News » Whistler

Gradeless reports a work in progress

Parents voice concerns at PAC meeting



The pilot gradeless report project launched in the Sea to Sky school district still has some parents confused as to how they will know their children are performing and what the process will look like.

The pilot project has been met with mixed reaction, and a Parent Advisory Council meeting Monday gave parents the opportunity to quiz Sea to Sky school district director of instruction Peter Jory and Myrtle Philip school principal Jeff Maynard on how it's going and what they can expect as the pilot continues.

One parent asked how busy teachers can accommodate a process that will take more of their time, while another asked how teachers will assess students and questioned whether that process will change.

Jory said standard tests and exams will be used to determine performance, and the gradeless reports — at first — will require more work from teachers.

Twenty-five teachers have opted to omit letter grades from report cards in favour of more frequent correspondence with parents. The initiative encompasses classes in Myrtle Philip Community School, Spring Creek Community School as well as one class each in Whistler and Pemberton's secondary schools.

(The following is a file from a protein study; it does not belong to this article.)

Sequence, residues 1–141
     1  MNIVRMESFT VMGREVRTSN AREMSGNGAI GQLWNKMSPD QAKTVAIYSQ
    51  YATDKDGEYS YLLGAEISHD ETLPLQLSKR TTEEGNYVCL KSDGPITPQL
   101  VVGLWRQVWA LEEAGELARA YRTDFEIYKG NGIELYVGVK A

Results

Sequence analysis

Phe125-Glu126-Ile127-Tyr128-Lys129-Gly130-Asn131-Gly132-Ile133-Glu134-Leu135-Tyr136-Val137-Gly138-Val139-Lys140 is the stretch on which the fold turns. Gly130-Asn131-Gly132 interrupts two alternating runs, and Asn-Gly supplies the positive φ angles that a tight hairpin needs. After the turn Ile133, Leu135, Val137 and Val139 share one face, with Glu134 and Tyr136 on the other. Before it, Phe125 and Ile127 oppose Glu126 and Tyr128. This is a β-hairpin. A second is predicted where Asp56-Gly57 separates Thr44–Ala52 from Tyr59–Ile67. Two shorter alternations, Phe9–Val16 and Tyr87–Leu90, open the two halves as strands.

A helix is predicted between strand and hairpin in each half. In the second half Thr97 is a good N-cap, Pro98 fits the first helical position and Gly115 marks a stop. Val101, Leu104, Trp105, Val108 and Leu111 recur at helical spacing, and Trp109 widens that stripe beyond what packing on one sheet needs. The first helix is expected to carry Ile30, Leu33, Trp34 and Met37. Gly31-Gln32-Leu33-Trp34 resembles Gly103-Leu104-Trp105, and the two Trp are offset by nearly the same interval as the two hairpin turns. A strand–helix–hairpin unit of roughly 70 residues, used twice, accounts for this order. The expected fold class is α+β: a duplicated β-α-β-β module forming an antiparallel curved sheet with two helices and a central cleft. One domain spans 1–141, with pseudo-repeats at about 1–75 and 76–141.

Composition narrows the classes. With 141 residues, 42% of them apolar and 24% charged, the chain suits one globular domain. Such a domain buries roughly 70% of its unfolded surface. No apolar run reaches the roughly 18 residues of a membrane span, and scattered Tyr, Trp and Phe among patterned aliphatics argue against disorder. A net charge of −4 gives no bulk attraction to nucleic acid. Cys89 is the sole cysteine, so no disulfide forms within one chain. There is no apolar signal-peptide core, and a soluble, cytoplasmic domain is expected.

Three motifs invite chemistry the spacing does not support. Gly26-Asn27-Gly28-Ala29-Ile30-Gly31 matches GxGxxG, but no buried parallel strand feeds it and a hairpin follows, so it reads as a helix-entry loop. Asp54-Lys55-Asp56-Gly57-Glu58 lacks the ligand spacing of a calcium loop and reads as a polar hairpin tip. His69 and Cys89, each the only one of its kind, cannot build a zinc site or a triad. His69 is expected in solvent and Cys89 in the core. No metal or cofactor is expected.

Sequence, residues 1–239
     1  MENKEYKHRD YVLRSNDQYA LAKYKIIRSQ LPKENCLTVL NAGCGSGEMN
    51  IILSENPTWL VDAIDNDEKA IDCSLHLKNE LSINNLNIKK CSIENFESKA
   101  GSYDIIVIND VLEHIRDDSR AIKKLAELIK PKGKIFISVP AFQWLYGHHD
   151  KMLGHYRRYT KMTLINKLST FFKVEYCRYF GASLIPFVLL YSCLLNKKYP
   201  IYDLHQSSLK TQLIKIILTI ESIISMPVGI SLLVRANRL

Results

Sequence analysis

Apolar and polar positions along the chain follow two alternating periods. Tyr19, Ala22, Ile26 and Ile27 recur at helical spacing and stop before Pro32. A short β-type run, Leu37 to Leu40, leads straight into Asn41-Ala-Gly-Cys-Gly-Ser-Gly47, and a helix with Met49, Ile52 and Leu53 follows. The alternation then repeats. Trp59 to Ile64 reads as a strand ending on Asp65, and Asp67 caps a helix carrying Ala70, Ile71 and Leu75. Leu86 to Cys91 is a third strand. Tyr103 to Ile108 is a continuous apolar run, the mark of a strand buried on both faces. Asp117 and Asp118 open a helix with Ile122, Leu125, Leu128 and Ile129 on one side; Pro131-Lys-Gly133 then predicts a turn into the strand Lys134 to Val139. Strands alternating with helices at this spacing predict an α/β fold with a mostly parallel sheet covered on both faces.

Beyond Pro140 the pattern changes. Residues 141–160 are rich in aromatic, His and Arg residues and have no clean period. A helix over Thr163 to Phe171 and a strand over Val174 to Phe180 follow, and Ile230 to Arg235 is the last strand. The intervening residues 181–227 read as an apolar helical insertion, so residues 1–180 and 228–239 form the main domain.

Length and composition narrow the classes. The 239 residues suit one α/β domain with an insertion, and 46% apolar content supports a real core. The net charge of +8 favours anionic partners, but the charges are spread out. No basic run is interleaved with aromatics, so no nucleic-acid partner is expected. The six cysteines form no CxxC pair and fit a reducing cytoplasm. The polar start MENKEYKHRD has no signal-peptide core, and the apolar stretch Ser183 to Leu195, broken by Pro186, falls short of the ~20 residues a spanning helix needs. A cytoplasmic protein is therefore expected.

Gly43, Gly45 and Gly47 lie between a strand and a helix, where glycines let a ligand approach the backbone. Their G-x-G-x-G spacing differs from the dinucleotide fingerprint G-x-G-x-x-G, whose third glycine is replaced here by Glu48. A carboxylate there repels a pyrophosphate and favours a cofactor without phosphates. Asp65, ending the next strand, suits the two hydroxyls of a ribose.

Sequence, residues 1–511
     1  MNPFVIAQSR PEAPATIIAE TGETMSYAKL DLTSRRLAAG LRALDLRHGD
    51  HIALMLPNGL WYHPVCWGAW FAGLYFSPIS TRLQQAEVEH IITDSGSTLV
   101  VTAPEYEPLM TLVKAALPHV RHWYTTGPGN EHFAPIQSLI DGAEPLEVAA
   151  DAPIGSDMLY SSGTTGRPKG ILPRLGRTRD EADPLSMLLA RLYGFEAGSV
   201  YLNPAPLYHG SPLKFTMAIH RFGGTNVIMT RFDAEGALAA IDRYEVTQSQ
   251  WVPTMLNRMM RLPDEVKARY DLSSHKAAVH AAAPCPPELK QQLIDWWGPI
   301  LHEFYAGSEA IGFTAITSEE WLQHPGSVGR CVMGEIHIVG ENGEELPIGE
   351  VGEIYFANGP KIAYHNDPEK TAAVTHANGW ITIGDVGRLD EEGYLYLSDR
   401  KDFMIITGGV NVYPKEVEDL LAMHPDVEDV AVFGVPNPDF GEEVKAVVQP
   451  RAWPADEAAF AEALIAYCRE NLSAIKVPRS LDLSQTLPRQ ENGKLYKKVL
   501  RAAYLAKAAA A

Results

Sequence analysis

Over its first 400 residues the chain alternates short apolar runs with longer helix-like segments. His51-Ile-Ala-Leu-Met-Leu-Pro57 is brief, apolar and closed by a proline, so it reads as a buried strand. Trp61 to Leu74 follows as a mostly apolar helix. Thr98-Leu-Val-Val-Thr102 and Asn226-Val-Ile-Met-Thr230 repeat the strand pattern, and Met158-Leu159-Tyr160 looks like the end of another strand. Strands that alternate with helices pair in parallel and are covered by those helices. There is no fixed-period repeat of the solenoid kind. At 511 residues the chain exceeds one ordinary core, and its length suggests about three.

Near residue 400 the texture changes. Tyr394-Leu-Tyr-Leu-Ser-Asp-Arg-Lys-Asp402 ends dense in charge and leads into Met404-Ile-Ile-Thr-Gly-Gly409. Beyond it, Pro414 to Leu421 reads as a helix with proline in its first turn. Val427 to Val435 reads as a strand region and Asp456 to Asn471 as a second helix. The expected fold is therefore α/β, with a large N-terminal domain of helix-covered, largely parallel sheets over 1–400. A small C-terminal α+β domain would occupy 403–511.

Jory said the option remains for parents to continue to receive a letter grade if they choose.

"I predict we will have more teachers opt in and we will still have some parents who want letter grades," he said. "But we believe this is best for our kids. If parents believe the letter grade is important, they can still have them."

Another parent questioned if the school board will hear of opposition to the project, such as at Monday's PAC meeting.

"There still will be another survey at the end of year," he said. "As much as I can believe in this, it's my job to give (the feedback to the school board) and let them decide. If there are all these people mad about it, I have to tell them that."

Maynard said letter-grade reporting is restrictive.

"The structure is more in line with completing a task. And it becomes more of a factory model of looking at what we're doing," Maynard said. "What we're trying to do is get more in line with natural learning cycles of students."

Some parents asked what the guidelines are for gradeless reports.

"One of the things that we want to do is to get good at it — and for you to get good at it," said Jory. "One of the reasons why parents like letter grades is you know an A is good. But it also is limiting and distracting. What we want to do is give you information that is more informative and appreciative — we're giving you more access to your child."